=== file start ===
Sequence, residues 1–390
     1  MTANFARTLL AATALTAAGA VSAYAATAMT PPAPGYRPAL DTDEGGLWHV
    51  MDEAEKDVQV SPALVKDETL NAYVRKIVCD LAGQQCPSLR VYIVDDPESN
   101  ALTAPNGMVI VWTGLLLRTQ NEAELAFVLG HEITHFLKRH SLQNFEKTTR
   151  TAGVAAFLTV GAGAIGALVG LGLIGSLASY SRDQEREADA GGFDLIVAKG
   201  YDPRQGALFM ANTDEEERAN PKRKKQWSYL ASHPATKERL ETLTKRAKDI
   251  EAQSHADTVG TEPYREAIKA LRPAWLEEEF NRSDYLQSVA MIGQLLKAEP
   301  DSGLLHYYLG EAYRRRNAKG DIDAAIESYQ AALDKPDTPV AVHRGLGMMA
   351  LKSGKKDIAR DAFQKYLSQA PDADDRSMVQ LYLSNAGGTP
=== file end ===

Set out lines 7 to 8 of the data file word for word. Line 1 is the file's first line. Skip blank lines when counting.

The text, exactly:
   251  EAQSHADTVG TEPYREAIKA LRPAWLEEEF NRSDYLQSVA MIGQLLKAEP
   301  DSGLLHYYLG EAYRRRNAKG DIDAAIESYQ AALDKPDTPV AVHRGLGMMA